Haight St is something of a bittersweet place these days. It still harks back to the Summer of Love, now the best part of 40 years ago. There are shops full of bongs, tie-dye and everything else you might associate with hippies. It still has the colourfulness and easy-going attitude that were the hallmarks of those days. But, in what must be one of the greatest strengths of capitalism — turning any anti-capitalist movement into a new way to make money — it is no longer about pure motives, it is about the green stuff (cash, not hash). The most melancholic part is all the homeless people — largely those so acid-fucked that they still think it is 1967 and that it is only a matter of time before they bring down the Man. SF has a massive homeless problem — something you’d normally associate with a mega-city like NY or LA rather than one with fewer than a million people. It makes what happened in New Orleans seem a lot more plausible if even a relatively well-off city like San Francisco can have such poverty.

Anyway, back to the pub. I was sitting there reading my copy of the Onion (which I’d never realised was available in print) when looking through the gig guide I saw that tonight Alasdair Roberts was playing in a pub downtown. He, in particular his album Farewell Sorrow, has been one of my favourite artists for the last year or so. (He plays traditional British folk, as opposed to Alternative folk which is what I mainly listen to in the genre.) And despite having scoured both the internet and, since I arrived, the street press for every concert that was on while I was here I was finding out about it in a satirical newspaper. There is just so much happening here — of the seven nights I am in SF I am going to gigs for five of them with three of them by bands that would make my ‘gigs of the year’ list in Melbourne — that some little known folk dude from Scotland falls through the cracks. So, instantly recovering from my musicked-outness, I rushed across to the other side of town, again blessing this city’s wonderful public transport system. The gig was amazing. It was in the tiny back room of a pub holding barely 50 people and two of the supports — Marissa Nadler and Jack Rose — were almost as brilliant as Alasdair Roberts. It is just as well I live in the backwater of Melbourne because I don’t think either my bank account or my relationship with Gisela could survive a music scene like San Francisco’s.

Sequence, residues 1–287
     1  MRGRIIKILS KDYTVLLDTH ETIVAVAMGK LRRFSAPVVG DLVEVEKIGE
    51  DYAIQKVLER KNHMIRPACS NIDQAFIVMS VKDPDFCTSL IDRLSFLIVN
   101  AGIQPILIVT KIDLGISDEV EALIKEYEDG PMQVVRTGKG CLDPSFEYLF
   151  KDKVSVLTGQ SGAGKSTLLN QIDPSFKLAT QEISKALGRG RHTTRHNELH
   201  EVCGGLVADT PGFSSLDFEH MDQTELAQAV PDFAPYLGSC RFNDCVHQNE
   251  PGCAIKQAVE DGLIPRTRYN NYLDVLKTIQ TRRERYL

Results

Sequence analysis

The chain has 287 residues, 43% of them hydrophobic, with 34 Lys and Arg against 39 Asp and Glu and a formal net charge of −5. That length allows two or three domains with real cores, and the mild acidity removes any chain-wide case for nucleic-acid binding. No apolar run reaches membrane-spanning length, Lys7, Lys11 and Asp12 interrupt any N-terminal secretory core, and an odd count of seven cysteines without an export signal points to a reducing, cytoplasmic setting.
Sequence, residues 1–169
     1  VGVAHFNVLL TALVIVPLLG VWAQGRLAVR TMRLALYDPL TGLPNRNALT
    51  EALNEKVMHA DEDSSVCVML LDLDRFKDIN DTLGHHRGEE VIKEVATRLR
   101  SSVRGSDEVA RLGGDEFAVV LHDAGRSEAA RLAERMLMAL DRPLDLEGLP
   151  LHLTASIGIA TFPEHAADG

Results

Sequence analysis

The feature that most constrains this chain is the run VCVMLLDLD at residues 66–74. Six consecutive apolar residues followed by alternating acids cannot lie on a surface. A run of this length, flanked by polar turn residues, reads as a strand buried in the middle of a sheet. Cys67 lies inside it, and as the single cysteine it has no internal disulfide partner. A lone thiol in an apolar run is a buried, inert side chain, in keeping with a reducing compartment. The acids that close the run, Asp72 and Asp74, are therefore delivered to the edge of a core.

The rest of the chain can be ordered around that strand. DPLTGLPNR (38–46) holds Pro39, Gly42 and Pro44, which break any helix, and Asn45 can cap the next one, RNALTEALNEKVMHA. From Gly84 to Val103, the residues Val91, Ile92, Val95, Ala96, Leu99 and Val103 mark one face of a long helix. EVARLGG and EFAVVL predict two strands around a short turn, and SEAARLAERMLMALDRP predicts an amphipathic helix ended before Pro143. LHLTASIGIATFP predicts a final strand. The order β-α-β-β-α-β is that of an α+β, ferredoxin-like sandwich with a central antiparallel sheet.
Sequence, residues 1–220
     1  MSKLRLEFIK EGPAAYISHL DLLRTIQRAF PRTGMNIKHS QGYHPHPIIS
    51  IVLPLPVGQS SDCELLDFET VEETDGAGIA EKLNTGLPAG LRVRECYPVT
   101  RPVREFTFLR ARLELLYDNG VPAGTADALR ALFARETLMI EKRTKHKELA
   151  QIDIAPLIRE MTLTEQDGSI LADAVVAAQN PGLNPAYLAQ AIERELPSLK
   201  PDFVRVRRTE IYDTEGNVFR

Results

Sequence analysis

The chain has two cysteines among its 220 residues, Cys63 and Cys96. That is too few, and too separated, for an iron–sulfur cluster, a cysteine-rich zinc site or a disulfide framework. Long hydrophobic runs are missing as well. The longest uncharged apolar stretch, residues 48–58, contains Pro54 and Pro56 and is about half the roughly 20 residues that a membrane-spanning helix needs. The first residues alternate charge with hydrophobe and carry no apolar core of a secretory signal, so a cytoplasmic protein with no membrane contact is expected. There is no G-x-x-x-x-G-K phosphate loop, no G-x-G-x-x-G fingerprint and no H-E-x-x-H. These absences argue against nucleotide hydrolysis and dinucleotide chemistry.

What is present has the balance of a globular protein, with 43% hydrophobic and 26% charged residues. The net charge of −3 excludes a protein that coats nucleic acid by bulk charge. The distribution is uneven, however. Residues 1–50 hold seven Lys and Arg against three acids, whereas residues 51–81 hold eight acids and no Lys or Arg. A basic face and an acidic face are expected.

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Horses in the Sky


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Shelf Life

Some music is beautiful and timeless to me. I love it the first time I hear it (well, more likely the third time but that’s not as poetic) and I love it still.

Some music isn’t. And it sits around on my iPod reminding me that either:

  • Love is transitory, or
  • I used to have shit taste.

Coldplay are a minor offender in this area. I’ll always like ‘Clocks’, mostly for its first 30 seconds. But the rest of A Rush of Blood to the Head really grates when it comes up in my random playlist, and for a while I banned it from my playlist. And I’ve no desire to buy X&Y — having heard a single from it on the radio, it sounds just like everything I’ve heard before. Perhaps a little more tightly honed.

I get this image of Coldplay sitting around, desperately trying to sound like the platonic ideal of themselves.

But my Coldplay backlash doesn’t even begin to rival my Travis backlash. Every time they pop up on my iPod I have to skip them, even ‘Sing’, which I used to really like. Now, it all sounds like painfully happy treacley ikkiness. I listen to a bit of it and wonder how depressed I must have been to have needed such relentless happiness blasted into my ears.

But then, I may be odd in that I find sad music uplifting and happy music depressing, in much the same way that I like cold blustery days more than shiny sunny ones. I think it’s a contrast thing.

And just to show that my taste now is probably as bad as it’s ever been, the track I’m always hanging out for my iPod to shuffle to is Britney Spears’ ‘Toxic’. Now there’s a single that has everything.